• All employees are eligible for this program
    • See the resources below for rates of pay and other benefits eligible to the employee
    • Covered employers qualify for dollar-for-dollar reimbursement through tax credits for all qualifying wages paid under the FFCRA. Qualifying wages are those paid to an employee who takes leave under the Act for a qualifying reason, up to the appropriate per diem and aggregate payment caps. Applicable tax credits also extend to amounts paid or incurred to maintain health insurance coverage. For more information, please see the Department of the Treasury’s website.

    Many resources and information can be found at the following Department of Labor website: https://www.dol.gov/agencies/whd/ffcra.

    If you click on the two links below you will find two fact sheets:

    Families First Coronavirus Response Act: Employee Paid Leave Rights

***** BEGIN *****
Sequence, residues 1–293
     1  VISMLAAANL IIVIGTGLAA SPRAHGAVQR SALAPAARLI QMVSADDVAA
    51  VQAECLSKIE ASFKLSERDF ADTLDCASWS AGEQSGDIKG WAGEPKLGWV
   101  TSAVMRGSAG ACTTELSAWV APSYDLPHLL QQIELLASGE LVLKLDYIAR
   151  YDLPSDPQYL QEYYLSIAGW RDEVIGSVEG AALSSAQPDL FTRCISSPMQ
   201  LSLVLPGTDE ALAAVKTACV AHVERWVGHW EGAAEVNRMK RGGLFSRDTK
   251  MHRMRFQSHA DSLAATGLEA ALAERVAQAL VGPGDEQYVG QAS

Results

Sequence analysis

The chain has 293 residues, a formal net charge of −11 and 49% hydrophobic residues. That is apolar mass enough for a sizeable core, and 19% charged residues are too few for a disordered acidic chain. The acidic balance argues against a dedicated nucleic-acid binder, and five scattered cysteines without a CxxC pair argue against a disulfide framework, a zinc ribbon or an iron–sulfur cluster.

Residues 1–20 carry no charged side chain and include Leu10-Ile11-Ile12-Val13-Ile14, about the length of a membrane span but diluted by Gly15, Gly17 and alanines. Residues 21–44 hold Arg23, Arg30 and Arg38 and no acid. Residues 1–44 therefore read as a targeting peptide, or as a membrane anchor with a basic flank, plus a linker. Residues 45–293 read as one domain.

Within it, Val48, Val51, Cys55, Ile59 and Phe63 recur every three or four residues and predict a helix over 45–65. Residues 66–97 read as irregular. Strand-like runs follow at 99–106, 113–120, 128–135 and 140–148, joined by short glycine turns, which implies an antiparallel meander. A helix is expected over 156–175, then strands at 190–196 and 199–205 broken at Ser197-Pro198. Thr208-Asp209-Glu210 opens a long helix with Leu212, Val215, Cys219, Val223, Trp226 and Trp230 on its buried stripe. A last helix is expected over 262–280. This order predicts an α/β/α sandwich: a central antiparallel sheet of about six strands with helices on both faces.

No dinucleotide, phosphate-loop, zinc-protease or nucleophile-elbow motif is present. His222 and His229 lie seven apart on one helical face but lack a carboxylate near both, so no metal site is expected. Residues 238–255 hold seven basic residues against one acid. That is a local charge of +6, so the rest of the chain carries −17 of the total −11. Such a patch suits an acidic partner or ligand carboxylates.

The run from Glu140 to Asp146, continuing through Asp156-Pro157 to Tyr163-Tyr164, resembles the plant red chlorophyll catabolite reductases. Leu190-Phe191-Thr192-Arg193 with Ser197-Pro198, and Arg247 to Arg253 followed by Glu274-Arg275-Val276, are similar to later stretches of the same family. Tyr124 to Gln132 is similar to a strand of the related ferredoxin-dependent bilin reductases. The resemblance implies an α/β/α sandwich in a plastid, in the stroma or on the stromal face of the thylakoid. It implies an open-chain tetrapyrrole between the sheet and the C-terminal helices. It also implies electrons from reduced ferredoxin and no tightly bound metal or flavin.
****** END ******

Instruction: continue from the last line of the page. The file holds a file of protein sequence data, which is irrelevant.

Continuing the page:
Families First Coronavirus Response Act: Employer Paid Leave Requirements 

    The following link will take you to a frequently asked questions site that is very informative.

    Families First Coronavirus Response Act: Questions and Answers

    Below is a link that will provide you with a 2 hour webinar and its accompanying slides”

    Webinar: The Families First Coronavirus Response Act (FFCRA)

    • Webinar Slides
    • These links will provide you with a form to collect information if/when an employee seeks leave under this law:

    PDF: https://unh.box.com/s/odiofw2hccduo6fgo9h4eqj9ocwka9tv

    Word: https://unh.box.com/s/s43sndjs54z2cm3a9hepys8pswywzmqn